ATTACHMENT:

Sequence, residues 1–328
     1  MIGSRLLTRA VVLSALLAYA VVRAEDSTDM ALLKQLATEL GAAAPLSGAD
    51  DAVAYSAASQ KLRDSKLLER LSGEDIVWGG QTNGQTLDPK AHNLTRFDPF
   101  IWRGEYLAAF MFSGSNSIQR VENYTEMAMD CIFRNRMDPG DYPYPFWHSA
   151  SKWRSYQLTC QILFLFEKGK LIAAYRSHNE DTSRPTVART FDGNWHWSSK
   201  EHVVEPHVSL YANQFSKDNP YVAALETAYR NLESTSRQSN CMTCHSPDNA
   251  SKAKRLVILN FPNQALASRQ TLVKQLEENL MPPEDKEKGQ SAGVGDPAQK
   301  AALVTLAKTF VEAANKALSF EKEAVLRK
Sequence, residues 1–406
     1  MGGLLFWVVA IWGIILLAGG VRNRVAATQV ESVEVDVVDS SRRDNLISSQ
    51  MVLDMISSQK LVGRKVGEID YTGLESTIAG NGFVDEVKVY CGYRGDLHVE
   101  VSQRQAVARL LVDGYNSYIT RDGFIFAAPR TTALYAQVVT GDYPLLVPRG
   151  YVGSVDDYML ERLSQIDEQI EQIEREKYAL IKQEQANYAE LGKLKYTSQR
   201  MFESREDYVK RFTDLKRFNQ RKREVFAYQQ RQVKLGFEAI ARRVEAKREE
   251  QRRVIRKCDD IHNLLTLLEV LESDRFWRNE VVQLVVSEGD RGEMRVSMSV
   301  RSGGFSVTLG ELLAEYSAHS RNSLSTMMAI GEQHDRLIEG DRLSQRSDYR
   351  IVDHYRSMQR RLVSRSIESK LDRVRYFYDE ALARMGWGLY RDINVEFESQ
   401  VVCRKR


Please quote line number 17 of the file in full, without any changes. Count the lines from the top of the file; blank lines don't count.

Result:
   351  IVDHYRSMQR RLVSRSIESK LDRVRYFYDE ALARMGWGLY RDINVEFESQ